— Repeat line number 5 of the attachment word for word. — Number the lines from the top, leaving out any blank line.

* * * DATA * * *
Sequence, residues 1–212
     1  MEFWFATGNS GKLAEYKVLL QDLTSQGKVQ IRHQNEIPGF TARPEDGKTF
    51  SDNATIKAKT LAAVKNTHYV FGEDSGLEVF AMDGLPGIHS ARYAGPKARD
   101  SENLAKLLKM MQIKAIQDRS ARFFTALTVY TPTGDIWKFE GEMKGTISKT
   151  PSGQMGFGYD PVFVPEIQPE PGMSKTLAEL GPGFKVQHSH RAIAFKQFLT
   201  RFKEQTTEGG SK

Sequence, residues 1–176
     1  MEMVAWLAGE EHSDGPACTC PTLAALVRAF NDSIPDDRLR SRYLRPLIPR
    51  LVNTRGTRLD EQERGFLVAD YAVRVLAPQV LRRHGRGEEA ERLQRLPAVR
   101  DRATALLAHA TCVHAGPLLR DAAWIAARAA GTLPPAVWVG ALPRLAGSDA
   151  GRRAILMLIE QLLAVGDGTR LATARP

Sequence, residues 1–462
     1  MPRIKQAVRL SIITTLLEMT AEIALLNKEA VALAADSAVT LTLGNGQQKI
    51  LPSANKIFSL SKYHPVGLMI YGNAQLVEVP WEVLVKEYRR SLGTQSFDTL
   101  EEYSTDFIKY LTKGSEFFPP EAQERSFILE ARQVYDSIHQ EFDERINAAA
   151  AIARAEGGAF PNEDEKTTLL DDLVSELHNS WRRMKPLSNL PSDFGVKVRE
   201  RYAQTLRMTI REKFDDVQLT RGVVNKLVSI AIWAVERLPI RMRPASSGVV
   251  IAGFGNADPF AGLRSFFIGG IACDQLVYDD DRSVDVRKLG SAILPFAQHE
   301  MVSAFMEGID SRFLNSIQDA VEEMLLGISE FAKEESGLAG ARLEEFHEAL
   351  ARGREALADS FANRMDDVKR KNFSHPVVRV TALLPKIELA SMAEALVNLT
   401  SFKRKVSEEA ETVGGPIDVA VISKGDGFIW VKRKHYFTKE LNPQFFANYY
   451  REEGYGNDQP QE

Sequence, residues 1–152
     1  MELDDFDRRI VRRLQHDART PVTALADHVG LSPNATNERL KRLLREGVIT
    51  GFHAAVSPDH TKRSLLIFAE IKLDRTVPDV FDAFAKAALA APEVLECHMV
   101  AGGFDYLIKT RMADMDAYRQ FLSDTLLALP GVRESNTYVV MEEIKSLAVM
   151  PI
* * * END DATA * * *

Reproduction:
   151  PSGQMGFGYD PVFVPEIQPE PGMSKTLAEL GPGFKVQHSH RAIAFKQFLT